I was introduced to Michael Chabon during my senior year of high school, I think. Mrs. Diamondstone, my beloved English teacher during 11th and 12th grade, had our class read The Amazing Adventures of Kavalier and Clay, which has become one of my favorite books, and one of the few Pulitzer Prize winners I’ve read that I believe actually deserved the award.
Since Kavalier and Clay, I’ve read Wonder Boys, Werewolves in Their Youth, and I’ve got Mysteries of Pittsburgh on my desk waiting for me to finally read. I really need to pick up Final Solution, and I’m more excited for The Yiddish Policeman’s Union than I am about the next Harry Potter. I adore Chabon. He’s my favorite living author, and second place isn’t particularly close.
So, imagine my surprise and horror when I read on Chabon’s Wikipedia page on Tuesday that he’s writing a serial novel that’s being published in The New York Times‘ magazine section every Sunday. Why didn’t anyone tell me, damnit? The serial, Gentlemen of the Road, started in late January. As of March 25th, 9 of the 15 parts have been published. As of this moment, I’ve read the first two parts, and as expected, I love them.
For the uninitiated, Chabon is a bit of a showoff as a writer. He has a large vocabulary and, I imagine, an excellent thesaurus. He has no qualms about going deeply “inside baseball”, which is a difficulty augmented by his latest run of writing. Chabon has, since 2002, abandoned the “contemporary, quotidian, plotless, moment-of-truth revelatory story”, which, again in his own words, is a “plotless story sparkling with epiphanic dew”. Basically, Chabon really doesn’t like all these books coming out that you hear people rave about, but when you ask them, “What’s it about?”, the best they can tell you goes something like, “Well, it’s a guy mucking about,” or, worse, “It’s about truth/finding yourself/growing up/etc”. Chabon wants to write stories.
Now, what’s that have to do with his writing? Well, he tends to use odd words–for spectacular effect, certainly, but odd all the same–and when he writes about something unusual, and he takes his already vast and unusual vocabulary with him… well, keep your dictionary handy when you read his books. They’re especially hard to begin. For instance, he is the opening to Gentlemen of the Road:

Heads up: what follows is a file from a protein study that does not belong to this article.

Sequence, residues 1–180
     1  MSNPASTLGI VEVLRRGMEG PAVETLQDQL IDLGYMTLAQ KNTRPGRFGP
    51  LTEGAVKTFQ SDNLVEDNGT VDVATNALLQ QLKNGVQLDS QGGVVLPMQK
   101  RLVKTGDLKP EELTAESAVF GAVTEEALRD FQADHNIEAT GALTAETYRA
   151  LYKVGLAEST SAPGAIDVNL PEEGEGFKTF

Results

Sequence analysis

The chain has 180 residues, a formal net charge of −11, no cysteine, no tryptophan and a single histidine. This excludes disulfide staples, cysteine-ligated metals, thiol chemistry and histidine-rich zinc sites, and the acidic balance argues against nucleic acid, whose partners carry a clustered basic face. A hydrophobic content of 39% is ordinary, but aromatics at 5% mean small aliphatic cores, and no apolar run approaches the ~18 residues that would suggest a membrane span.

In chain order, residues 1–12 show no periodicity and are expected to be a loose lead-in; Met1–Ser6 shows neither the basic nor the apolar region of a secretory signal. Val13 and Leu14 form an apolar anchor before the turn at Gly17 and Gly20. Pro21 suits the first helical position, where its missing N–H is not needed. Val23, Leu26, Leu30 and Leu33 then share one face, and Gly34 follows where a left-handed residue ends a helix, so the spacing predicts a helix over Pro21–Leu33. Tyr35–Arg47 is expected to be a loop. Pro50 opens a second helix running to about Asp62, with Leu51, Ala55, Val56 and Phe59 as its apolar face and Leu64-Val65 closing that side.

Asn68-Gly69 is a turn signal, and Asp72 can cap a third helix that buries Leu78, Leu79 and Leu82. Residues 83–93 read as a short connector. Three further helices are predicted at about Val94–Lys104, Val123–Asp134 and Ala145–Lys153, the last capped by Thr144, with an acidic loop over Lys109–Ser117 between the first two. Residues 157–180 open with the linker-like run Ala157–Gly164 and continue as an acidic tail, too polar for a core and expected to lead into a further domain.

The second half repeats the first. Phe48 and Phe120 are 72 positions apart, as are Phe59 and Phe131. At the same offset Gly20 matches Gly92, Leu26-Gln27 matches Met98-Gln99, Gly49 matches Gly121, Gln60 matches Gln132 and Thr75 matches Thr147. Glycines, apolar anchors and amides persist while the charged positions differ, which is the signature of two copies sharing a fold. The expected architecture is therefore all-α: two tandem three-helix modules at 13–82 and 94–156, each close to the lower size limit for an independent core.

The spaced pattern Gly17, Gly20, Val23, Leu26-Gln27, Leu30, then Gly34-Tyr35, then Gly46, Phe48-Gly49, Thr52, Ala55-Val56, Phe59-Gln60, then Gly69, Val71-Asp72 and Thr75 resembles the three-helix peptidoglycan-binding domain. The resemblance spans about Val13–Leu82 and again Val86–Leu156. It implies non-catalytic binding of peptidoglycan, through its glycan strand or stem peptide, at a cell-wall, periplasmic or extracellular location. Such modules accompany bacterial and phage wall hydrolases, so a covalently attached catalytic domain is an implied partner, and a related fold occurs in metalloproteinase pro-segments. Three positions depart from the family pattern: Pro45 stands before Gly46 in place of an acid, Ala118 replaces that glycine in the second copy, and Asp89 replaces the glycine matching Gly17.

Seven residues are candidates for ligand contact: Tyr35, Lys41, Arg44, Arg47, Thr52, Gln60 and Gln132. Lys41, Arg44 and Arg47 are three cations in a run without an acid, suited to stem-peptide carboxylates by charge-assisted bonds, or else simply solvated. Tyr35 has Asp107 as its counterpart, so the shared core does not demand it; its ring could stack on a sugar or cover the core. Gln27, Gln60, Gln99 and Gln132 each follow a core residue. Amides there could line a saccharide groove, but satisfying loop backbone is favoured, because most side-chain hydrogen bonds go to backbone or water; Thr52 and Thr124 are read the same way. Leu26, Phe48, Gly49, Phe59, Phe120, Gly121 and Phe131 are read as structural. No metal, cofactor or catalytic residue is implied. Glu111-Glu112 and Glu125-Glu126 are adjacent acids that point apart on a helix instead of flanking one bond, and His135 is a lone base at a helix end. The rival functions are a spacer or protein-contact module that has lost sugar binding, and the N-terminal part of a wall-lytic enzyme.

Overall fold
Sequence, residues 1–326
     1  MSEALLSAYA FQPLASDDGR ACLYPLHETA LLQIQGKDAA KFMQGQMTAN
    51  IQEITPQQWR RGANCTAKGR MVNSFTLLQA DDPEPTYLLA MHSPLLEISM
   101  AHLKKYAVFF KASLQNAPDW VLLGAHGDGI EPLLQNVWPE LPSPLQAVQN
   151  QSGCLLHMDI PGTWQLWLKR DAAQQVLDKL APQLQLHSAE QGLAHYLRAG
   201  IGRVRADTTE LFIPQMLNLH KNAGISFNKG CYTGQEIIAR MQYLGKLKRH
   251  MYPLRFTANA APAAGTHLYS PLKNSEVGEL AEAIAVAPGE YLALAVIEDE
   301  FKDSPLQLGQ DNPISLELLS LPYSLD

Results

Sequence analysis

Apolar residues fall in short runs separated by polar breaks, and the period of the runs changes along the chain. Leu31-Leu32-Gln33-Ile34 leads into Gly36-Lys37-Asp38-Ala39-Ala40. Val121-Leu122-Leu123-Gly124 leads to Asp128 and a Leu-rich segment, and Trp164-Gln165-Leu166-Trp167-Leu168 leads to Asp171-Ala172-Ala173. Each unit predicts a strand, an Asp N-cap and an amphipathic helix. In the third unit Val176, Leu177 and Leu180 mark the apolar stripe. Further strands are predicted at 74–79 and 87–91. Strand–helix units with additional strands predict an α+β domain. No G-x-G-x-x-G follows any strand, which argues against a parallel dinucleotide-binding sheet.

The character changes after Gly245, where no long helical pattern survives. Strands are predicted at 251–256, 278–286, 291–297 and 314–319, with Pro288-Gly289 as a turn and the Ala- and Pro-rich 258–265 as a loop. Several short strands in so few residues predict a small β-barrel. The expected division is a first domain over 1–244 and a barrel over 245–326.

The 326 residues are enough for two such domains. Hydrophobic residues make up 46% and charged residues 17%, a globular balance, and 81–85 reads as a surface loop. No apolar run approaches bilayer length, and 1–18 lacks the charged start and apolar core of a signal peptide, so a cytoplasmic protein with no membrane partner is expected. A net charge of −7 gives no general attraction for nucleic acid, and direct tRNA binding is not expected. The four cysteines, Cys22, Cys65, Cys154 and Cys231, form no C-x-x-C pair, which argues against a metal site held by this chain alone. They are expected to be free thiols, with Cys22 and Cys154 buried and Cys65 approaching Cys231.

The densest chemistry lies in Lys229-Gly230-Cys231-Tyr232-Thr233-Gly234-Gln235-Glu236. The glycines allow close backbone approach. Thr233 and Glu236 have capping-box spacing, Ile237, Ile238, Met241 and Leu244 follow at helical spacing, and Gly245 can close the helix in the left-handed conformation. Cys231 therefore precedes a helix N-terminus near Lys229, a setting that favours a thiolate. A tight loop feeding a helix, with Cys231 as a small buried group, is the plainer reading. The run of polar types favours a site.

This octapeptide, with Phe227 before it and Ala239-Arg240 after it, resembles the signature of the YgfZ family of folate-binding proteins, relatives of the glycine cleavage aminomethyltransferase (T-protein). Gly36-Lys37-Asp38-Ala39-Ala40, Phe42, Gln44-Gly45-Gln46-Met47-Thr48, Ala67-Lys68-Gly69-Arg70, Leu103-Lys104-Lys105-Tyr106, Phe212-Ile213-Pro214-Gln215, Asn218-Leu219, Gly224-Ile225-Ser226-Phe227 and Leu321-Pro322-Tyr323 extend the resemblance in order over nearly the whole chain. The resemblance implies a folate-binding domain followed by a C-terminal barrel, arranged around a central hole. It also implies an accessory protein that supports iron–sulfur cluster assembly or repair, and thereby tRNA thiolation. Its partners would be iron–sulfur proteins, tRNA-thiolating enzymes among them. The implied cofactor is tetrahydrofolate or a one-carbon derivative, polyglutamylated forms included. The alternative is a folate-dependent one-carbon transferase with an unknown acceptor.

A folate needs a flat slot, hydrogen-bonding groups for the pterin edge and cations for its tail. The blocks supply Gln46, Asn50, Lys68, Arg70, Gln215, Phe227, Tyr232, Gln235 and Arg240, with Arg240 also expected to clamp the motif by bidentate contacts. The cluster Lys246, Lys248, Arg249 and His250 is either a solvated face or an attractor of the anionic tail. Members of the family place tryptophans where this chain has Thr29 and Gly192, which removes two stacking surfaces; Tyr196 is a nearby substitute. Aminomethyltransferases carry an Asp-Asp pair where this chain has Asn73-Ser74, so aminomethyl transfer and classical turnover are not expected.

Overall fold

Kingdom of Arran, in the Caucasus Mountains, between the Black Sea and the Caspian Sea, A.D. 950 — For numberless years a myna had astounded travelers to the caravansary with its ability to spew indecencies in 10 languages, and before the fight broke out everyone assumed the old blue-tongued devil on its perch by the fireplace was the one who maligned the giant African with such foulness and verve. Engrossed in the study of a small ivory shatranj board with pieces of ebony and horn, and in the stew of chickpeas, carrots, dried lemons and mutton for which the caravansary was renowned, the African held the place nearest the fire, his broad back to the bird, with a view of the doors and the window with its shutters thrown open to the blue dusk.
Reading Chabon is like trying to push a car down a slight incline. You need to really dig in to get the thing movie, but once you’ve got momentum, you can really fly. I heartily recommend to you Gentlemen of the Road, as it’s a very talented author writing an AlexandreDumas kind of tale. Lots of fun and swashbuckingly and such. If you don’t care to pay to read the NY Times (and I don’t blame you), I promise his books are worth checking out.